I must say that kale chips are really easy to make, and they taste pretty good too! In fact, they take on the taste of whatever ‘seasoning’ you use, so in that way, they are very versatile. You only need the least of oil to bake them with, so don’t be put off by the shinyness of my picture – it was the flash and lighting in the room. Note to self – I will reduce the amount of salt or parmesan in the future, because parmesan is already quite salty, and when eaten together with the rest of my meal, the kale chips did turn out a tad too salty for my tastes. Do try making kale chips one day, and I’m sure you’ll be surprised! They don’t taste like kailan or ‘veggie’ like at all!



Baked Kale Chips
Prep time: 
Cook time: 
Total time: 
5.0 from 1 reviews
  • 1 bunch of kale
  • 1 tablespoon olive oil
  • 1 teaspoon sea salt
  • 1 tablespoon grated parmesan
  1. Preheat the oven to 150 degrees celsius. Line 2 baking trays with baking paper.
  2. Trim the tough stems from the kale and discard the stem. You can tear or cut the leaves into smaller bite size pieces. Wash the leaves and thoroughly dry them.
  3. Once dried, add your favorite seasoning to the kale leaves by tossing them and making sure they are coated thorougly. I added some sea salt only. You can use garlic salt (or fresh garlic), chilli powder, curry powder, or anything that suits your fancy.
  4. Then, arrange the leaves on the baking trays and drizzle some olive oil over the leaves.
  5. Bake the leaves until the edges brown but are not burnt black, for about 10 to 15 minutes. Do rotate your trays at the 5 minute mark if your oven does not heat evenly. It is best to tear the leaves into uniform sizes so that they brown at the same time.
  6. Remove the trays from the oven and let the 'chips' cool for at least 15 minutes before consuming. If you would like parmesan flavoured kale chips, do grate the parmesan over the chips once you have removed the trays from the oven.





  1. Edith C says:

    Is the taste same as those local ones in Singapore?

    • Janine says:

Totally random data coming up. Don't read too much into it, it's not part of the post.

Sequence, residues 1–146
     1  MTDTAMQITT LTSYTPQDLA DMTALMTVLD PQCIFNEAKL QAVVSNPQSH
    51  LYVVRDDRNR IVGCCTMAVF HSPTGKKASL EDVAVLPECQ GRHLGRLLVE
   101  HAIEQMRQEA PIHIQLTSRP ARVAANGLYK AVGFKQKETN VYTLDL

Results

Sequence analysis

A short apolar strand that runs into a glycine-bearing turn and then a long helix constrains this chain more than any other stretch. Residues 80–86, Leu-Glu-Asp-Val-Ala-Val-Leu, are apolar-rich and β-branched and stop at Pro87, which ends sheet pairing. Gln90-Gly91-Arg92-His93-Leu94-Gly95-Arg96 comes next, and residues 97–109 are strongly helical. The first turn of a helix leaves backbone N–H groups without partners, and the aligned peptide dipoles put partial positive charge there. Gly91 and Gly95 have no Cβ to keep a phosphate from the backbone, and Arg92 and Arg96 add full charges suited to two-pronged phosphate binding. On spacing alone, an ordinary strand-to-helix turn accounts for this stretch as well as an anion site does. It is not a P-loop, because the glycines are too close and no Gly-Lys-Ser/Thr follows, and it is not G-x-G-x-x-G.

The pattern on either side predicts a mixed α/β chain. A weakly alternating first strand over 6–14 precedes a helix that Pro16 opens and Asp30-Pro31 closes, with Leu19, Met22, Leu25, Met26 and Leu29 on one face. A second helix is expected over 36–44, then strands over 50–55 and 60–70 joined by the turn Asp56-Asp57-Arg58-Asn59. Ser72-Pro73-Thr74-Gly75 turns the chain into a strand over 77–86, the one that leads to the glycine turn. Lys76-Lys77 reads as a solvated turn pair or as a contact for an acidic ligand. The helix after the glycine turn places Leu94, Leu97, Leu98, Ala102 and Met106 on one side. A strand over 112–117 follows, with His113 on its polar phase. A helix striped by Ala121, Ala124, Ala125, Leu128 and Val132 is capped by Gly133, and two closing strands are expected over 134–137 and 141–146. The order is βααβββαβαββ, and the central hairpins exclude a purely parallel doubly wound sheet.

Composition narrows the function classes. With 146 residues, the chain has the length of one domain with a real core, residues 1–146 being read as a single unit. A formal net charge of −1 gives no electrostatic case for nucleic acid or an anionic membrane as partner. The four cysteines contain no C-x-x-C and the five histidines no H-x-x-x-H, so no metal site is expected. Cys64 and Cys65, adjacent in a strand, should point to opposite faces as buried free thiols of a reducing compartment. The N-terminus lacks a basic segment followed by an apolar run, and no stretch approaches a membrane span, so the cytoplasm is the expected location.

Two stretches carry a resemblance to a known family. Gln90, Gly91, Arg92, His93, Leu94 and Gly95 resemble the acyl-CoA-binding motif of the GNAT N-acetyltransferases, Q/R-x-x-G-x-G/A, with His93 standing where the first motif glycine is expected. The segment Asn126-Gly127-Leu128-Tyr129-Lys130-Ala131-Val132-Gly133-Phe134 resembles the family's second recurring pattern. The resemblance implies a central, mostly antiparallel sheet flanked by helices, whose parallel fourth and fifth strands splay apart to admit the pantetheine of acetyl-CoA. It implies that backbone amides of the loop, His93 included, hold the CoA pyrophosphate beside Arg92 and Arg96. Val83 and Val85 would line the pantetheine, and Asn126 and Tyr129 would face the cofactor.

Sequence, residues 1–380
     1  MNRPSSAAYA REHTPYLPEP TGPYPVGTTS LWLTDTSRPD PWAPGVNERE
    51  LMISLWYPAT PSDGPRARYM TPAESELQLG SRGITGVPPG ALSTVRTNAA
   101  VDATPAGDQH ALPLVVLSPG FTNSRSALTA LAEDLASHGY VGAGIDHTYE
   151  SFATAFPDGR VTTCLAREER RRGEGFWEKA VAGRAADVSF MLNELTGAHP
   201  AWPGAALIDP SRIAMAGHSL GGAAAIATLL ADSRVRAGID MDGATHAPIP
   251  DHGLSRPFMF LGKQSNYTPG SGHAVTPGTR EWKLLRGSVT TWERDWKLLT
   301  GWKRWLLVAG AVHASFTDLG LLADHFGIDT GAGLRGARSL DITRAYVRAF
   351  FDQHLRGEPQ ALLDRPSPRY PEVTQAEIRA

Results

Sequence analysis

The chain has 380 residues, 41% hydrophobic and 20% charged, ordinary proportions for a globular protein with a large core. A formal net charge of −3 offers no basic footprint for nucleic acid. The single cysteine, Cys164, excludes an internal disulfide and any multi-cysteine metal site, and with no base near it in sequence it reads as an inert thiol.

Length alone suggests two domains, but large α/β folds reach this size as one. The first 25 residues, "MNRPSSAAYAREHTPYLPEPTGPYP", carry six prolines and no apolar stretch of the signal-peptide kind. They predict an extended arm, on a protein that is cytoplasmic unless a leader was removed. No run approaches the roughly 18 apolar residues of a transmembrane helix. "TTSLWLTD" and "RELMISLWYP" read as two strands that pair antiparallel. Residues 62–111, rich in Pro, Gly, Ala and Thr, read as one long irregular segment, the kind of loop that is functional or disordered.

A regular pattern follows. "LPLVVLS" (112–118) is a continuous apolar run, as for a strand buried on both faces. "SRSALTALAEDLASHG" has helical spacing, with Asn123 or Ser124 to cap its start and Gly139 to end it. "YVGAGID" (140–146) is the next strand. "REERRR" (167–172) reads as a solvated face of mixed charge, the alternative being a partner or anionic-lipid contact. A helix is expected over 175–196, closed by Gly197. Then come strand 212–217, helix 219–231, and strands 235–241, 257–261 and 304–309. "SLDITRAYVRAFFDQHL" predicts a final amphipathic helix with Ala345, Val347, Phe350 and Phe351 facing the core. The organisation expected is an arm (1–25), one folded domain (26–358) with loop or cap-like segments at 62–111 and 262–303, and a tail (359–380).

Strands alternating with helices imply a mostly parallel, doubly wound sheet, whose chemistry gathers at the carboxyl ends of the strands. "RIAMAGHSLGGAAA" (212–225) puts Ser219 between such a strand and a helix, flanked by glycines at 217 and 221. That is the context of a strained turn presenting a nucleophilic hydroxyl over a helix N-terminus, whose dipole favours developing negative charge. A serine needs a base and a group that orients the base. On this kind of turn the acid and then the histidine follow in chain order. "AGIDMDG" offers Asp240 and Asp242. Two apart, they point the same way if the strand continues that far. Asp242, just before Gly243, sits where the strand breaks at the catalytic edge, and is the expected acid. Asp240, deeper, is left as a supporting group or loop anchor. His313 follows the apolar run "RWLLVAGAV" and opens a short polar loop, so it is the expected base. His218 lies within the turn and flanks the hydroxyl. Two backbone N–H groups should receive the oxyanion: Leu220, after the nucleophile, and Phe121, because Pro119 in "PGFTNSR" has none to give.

Hi Edith!

      I haven’t baked the local ones, but I’ve only used them for my veggie juices, so it might not be an accurate comparison. I tend to find that the leaves are tasteless, perhaps tasting slightly like kailan. The stems however, are very bitter so you should not eat it at all.

  2. Haven’t had any chance to try baked kale chips, even though I’ve been living here in Australia for ages.
    Can kale be eaten raw? How’s its taste like if without any seasonings?

    • Janine says:

      Hi Christine, yes kale can be eaten raw. I usually blend kale raw together with other fruits to drink. When raw, it has a very slight bitter aftertaste, but after it is baked, the bitterness subsides.

  3. crustaba says:

    I’ve read all about kale chips on the internet but have never attempted to make them because sadly, i have never seen them here in Indonesia. I was wondering whether you could subsitute kale for other types of veggies?

    • Janine says:

      Kale actually doesn’t have much of a strong taste, so I guess you could substitute for similar veggies. But I personally have not tried it before! If you do, let me know!

  4. I recently bought some kale from the market, those imported ones and it was really addictive. Not as bitter as rocket but not as tasteless as baby spinach. Loved it.
    PS. thanks for dropping by my blog and leaving such nice comments.

  5. Zoe says:

    Hi Janine,

    Like these healthy chips and curious to know how are my husband and son will react if I cook these unusual chips for them 😀

    Btw, about your question on the Milo cupcakes: I do find these cupcakes having a nice Milo taste. It is not as obvious and straightforward as being chocolate or strawberry but I reckon I can taste the Milo in them. In any case, I reckon the detection and intensity of taste is usually depending on individual.


  6. Lisa H. says:

    We are in love with Kale chips 😀
    Kids’ favourite is Kale chips using chilli infused EVOO 🙂

  7. Jeannie says:

    Hi Janine, first time visiting your new home, gorgeous! I am curious about these kale chips as well but somehow suspect these kale are different from the local ones here!

  8. Congratulations on the new home!
    These kale chips are so crisp and healthy as well.

  9. msihua says:

    Lol.. I just liked that you called your friend kale and kohlrabi… the texture would be similar to you.. it’s a bit like white radish… or turnip… 🙂

  10. Totally love baked kale chips. We use kale in smoothies too. So yum!

Leave a reply

Rate recipe: